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Chris Ware on "some sort of living death"

Posted by Elizabeth Manus  November 16, 2012 10:59 AM

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With everyday existence an ongoing contest between 3-D, in-the-flesh experience and machine-mediated, pixelated life, some people still think it’s quite important to have a tactile relationship with the technological machine known as the printed book.

One of them is cartoonist Chris Ware, who offered a vigorous take on the subject to the Los Angeles Review of Books in a recent interview about his new graphic novel Building Stories.

CB: The title Building Stories could refer to the tales within the apartment building featured in the book, and it can refer to the act of creating stories, as you do. To what extent is Building Stories an attempt to revive an interest in the possibilities of the printed book? Are you leery of e-books, Kindles, and the rush to hop on the digital bandwagon?

CW: Yes, very much so, though I don't mean to dismiss them, as I think they're great for news and transitory information. I do think that when it comes to art, books offer a sort of reassuring physical certainty for the ineffable uncertainties of life, but then again I'm 44 and don't tweet or have a Facebook page or participate in most of the things that blunt the textures of experience in favor of delivering them up more quickly to your friends, so maybe that's just me. I find it very telling that the regular selling point of this or that new version of technology is that it's "higher resolution." What does that mean, exactly? It's like admitting the inherent superiority of life while still trying to sell some sort of living death instead. I am absolutely convinced that sitting in front of a screen for long periods of time damages the brain and alters one's brain chemistry. You can feel it happening — you start surrendering more and more of yourself until, eventually, you recoil and think, "Ugh. I feel gross." I think it's colloquially known as "Swearing off Facebook for a While.” It's so incredibly difficult to voluntarily remove oneself from these reassurances that our lives are significant that sometimes we forget that life, actually, isn't very significant — which is sort of reassuring, too.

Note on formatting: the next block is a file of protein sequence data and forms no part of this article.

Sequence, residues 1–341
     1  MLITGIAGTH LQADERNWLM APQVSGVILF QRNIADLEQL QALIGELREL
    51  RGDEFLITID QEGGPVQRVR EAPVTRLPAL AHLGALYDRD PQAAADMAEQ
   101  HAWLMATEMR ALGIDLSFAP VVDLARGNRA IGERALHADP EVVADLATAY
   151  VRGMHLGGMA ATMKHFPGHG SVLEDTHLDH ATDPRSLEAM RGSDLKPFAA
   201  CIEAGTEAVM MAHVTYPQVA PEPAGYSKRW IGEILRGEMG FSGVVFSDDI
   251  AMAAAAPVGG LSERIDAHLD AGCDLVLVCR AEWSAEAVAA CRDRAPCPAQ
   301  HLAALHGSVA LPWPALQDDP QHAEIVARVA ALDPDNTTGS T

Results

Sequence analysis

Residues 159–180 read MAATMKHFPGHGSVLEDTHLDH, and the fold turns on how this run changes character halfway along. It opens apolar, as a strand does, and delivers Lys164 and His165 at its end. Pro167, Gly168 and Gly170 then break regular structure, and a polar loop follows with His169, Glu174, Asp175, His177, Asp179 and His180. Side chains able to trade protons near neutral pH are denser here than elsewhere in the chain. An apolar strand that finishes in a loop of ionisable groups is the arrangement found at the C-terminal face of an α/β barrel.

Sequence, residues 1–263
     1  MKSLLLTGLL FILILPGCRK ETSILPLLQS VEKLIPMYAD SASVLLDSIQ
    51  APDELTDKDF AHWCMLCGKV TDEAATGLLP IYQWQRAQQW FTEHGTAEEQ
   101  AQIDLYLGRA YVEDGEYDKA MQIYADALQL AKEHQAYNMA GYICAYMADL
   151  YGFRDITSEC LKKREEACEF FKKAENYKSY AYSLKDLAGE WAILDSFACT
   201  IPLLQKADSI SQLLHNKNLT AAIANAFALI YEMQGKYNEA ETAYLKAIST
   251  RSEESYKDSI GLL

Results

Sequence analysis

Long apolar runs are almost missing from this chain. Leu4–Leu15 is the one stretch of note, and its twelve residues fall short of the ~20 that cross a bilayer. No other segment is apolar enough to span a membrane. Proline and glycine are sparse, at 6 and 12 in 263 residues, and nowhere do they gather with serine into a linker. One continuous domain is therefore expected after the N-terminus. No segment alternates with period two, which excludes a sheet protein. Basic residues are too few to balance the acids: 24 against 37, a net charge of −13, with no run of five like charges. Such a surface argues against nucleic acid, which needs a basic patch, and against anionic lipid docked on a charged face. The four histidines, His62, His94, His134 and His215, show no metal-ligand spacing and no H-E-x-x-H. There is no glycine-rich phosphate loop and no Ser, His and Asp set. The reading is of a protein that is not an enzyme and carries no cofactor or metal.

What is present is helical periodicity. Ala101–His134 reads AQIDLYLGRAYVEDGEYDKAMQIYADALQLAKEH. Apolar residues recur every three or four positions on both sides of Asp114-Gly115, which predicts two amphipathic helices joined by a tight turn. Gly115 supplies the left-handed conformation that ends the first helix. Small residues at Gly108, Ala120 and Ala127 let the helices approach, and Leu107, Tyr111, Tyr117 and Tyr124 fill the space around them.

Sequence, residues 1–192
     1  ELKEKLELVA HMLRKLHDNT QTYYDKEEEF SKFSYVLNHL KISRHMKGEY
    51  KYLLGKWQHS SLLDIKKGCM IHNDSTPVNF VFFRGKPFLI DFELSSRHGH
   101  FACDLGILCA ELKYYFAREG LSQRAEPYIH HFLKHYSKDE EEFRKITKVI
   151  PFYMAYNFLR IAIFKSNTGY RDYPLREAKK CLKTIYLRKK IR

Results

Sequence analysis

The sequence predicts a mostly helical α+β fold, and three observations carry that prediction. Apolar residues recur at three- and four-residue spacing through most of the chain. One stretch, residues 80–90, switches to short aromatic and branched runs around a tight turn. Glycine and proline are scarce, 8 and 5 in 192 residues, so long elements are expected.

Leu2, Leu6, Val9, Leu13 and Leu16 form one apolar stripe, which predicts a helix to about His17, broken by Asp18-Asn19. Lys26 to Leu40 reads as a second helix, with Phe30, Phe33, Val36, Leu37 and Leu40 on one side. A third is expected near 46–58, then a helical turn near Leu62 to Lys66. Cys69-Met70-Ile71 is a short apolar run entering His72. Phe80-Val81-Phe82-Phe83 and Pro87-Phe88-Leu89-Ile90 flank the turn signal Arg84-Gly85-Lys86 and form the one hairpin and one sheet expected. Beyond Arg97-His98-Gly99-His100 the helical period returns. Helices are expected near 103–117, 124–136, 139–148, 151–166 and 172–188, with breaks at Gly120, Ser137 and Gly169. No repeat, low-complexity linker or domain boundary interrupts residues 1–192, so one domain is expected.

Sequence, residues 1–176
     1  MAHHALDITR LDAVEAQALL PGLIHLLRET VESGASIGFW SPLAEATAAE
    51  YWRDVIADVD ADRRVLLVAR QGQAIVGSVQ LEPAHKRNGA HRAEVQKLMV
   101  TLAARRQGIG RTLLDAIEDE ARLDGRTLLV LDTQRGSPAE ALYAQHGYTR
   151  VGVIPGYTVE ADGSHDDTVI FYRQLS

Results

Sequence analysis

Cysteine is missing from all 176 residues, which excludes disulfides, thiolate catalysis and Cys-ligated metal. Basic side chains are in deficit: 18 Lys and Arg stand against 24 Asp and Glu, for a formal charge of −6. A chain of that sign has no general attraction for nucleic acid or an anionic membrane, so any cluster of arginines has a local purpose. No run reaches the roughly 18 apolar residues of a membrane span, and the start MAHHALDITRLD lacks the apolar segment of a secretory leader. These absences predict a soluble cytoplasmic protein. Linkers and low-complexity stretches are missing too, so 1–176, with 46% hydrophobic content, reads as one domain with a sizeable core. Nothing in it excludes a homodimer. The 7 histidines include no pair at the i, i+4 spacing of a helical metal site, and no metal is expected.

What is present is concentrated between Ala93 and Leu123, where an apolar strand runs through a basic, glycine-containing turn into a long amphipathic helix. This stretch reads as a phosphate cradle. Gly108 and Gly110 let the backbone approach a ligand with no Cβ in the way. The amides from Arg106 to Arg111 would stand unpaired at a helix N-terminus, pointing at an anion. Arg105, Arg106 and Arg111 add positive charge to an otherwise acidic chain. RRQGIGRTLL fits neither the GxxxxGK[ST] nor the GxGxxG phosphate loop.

Perhaps not surprisingly, the article also mentions that the trade periodical Publishers Weekly declared Ware’s book “one of the year’s best arguments for the survival of print.”

Image: detail from "Building Stories," courtesy Pantheon.

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About brainiac Brainiac is the daily blog of the Globe's Sunday Ideas section, covering news and delights from the worlds of art, science, literature, history, design, and more. You can follow us on Twitter @GlobeIdeas.
Brainiac blogger Kevin Hartnett is a writer in Columbia, South Carolina. He can be reached here.

Leon Neyfakh is the staff writer for Ideas. Amanda Katz is the deputy Ideas editor. Stephen Heuser is the Ideas editor.

Guest blogger Simon Waxman is Managing Editor of Boston Review and has written for WBUR, Alternet, McSweeney's, Jacobin, and others.

Guest blogger Elizabeth Manus is a writer living in New York City. She has been a book review editor at the Boston Phoenix, and a columnist for The New York Observer and Metro.

Guest blogger Sarah Laskow is a freelance writer and editor in New York City. She edits Smithsonian's SmartNews blog and has contributed to Salon, Good, The American Prospect, Bloomberg News, and other publications.

Guest blogger Joshua Glenn is a Boston-based writer, publisher, and freelance semiotician. He was the original Brainiac blogger, and is currently editor of the blog HiLobrow, publisher of a series of Radium Age science fiction novels, and co-author/co-editor of several books, including the story collection "Significant Objects" and the kids' field guide to life "Unbored."

Guest blogger Ruth Graham is a freelance journalist in New Hampshire, and a frequent Ideas contributor. She is a former features editor for the New York Sun, and has written for publications including Slate and the Wall Street Journal.

Joshua Rothman is a graduate student and Teaching Fellow in the Harvard English department, and an Instructor in Public Policy at the Harvard Kennedy School of Government. He teaches novels and political writing.


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